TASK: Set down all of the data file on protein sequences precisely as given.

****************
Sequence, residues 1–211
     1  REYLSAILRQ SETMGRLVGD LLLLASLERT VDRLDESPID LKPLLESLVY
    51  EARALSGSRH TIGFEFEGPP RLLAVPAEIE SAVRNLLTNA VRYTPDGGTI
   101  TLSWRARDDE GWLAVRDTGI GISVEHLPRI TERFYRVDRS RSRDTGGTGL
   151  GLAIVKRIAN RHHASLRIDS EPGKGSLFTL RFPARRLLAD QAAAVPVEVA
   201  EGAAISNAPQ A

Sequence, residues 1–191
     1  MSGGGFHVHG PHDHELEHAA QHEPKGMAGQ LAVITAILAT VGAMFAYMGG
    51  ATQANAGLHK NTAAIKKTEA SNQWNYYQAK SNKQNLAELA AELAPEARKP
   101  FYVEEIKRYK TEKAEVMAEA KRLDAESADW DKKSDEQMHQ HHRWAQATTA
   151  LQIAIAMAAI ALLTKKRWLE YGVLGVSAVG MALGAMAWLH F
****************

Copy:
Sequence, residues 1–211
     1  REYLSAILRQ SETMGRLVGD LLLLASLERT VDRLDESPID LKPLLESLVY
    51  EARALSGSRH TIGFEFEGPP RLLAVPAEIE SAVRNLLTNA VRYTPDGGTI
   101  TLSWRARDDE GWLAVRDTGI GISVEHLPRI TERFYRVDRS RSRDTGGTGL
   151  GLAIVKRIAN RHHASLRIDS EPGKGSLFTL RFPARRLLAD QAAAVPVEVA
   201  EGAAISNAPQ A

Sequence, residues 1–191
     1  MSGGGFHVHG PHDHELEHAA QHEPKGMAGQ LAVITAILAT VGAMFAYMGG
    51  ATQANAGLHK NTAAIKKTEA SNQWNYYQAK SNKQNLAELA AELAPEARKP
   101  FYVEEIKRYK TEKAEVMAEA KRLDAESADW DKKSDEQMHQ HHRWAQATTA
   151  LQIAIAMAAI ALLTKKRWLE YGVLGVSAVG MALGAMAWLH F